|The Pelican Brief|
Theatrical release poster
|Directed by||Alan J. Pakula|
|Screenplay by||Alan J. Pakula|
|Based on||The Pelican Brief|
by John Grisham
|Music by||James Horner|
|Distributed by||Warner Bros.|
|Box office||$195.3 million|
The Pelican Brief is a 1993 American legal thriller film based on the 1992 novel by John Grisham. Directed by Alan J. Pakula, the film stars Julia Roberts in the role of young law student Darby Shaw and Denzel Washington as Washington Herald reporter Gray Grantham. The film, which features music composed by James Horner, was the last film that featured Pakula as both writer and director before his death.
After two Supreme Court justices, Jensen and Rosenberg, are killed by an assassin named Khamel (Stanley Tucci), Tulane University law student Darby Shaw (Julia Roberts) writes a legal brief detailing her theory on why they were killed. She gives the brief to her law professor/lover Thomas Callahan (Sam Shepard), who in turn gives a copy to his good friend Gavin Verheek (John Heard), special counsel to the Director of the FBI. Soon after, Callahan is killed by a car bomb; Darby manages to avoid the same fate and is subsequently attacked by an unknown assailant. Realizing that her brief was accurate, she goes into hiding and reaches out to Verheek for assistance.
An informant calling himself Garcia contacts Washington Herald reporter Gray Grantham (Denzel Washington) with information about the assassinations, but suddenly disappears. Darby contacts Grantham, who finds her information is accurate. Darby's computer, disks, and files disappear from her home. She is attacked at a hotel where she's hiding, but manages to escape the attack unharmed, but scared. She contacts and agrees to meet Verheek, but Khamel kills Verheek and impersonates him at the meet. Before Khamel can kill Darby, he is shot and killed by an unknown person.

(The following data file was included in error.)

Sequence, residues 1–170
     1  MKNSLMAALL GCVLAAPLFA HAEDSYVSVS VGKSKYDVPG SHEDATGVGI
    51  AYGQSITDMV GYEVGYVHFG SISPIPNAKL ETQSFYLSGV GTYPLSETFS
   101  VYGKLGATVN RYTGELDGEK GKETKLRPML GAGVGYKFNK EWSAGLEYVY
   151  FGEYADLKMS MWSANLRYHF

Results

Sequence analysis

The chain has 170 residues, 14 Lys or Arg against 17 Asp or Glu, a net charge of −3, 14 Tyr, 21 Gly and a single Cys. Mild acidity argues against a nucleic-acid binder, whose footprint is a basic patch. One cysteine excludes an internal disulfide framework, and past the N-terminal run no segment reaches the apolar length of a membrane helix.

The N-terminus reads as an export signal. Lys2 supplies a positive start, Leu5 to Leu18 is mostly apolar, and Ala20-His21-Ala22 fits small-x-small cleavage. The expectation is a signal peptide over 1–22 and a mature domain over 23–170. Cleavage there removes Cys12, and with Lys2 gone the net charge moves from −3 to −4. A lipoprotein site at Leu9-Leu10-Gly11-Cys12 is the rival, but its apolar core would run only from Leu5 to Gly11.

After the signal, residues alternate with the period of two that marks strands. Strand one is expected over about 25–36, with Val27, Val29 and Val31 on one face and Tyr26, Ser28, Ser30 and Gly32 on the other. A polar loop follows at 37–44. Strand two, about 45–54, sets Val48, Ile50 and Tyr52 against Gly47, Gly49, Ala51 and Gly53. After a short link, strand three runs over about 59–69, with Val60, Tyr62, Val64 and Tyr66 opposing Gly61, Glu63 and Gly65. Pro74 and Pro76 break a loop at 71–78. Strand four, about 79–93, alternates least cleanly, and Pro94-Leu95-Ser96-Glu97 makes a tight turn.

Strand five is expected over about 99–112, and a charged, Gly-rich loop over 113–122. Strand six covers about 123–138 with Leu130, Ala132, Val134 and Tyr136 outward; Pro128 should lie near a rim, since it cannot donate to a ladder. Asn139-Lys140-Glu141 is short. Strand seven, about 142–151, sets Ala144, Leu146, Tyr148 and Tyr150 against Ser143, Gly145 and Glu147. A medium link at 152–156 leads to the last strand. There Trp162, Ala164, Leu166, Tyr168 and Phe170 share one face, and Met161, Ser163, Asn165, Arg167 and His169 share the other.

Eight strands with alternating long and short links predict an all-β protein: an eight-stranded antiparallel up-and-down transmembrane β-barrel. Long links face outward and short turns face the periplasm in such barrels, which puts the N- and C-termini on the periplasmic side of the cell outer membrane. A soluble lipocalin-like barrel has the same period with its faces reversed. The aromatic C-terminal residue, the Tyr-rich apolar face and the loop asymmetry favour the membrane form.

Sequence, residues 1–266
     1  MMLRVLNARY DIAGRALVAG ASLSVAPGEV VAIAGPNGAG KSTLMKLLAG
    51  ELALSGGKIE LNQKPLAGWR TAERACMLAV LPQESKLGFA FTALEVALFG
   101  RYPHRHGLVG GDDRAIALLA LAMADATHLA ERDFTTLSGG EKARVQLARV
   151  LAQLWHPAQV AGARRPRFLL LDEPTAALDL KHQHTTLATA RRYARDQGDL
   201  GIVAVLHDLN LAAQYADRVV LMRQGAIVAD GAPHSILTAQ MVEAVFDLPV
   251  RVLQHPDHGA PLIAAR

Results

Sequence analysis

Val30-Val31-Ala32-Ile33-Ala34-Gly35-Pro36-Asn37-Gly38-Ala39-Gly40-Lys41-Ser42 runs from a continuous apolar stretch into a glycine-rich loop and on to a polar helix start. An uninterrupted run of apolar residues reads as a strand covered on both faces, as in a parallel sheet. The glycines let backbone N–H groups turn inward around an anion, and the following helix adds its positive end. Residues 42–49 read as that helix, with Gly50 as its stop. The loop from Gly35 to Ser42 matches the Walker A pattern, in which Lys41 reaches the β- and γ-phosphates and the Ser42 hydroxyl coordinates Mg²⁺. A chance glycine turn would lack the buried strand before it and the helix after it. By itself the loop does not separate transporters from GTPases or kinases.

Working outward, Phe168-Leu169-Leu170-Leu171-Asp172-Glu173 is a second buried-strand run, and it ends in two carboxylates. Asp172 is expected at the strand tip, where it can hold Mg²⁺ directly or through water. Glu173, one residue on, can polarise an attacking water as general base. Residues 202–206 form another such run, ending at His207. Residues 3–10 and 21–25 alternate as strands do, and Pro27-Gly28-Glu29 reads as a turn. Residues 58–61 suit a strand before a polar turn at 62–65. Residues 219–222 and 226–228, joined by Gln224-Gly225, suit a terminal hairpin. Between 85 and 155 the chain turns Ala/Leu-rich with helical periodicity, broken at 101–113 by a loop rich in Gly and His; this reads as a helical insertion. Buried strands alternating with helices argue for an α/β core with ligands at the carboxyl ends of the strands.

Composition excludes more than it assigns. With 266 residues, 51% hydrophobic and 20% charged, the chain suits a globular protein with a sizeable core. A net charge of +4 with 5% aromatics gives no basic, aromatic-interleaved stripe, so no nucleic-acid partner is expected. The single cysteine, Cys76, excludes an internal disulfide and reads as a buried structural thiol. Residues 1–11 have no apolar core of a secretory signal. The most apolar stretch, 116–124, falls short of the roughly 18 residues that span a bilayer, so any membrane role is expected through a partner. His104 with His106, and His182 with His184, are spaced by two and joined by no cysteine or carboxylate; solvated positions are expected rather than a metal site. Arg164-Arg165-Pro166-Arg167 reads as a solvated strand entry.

Darby agrees to meet Grantham in New York City, where she shares the theory expressed in her brief: the assassinations were done on behalf of oil tycoon Victor Mattiece, who intends to exploit the oil he found beneath Louisiana marshland that is habitat for an endangered sub-species of brown pelicans. A court appeal to deny Mattiece the drilling rights is expected to reach the Supreme Court. Darby has surmised that Mattiece, hoping to turn the case in his favor, is behind the justices' murders; these two justices differ in their opinions on everything except protecting the environment. As a generous contributor to the President, Mattiece expects that he would appoint Justices that favor oil and gas exploitation over environmental issues while the next President may not do so. When Grantham tells her about Garcia, they discover that the man is Curtis Morgan, a lawyer in the oil and gas division at the Washington, DC law firm of White & Blazevich.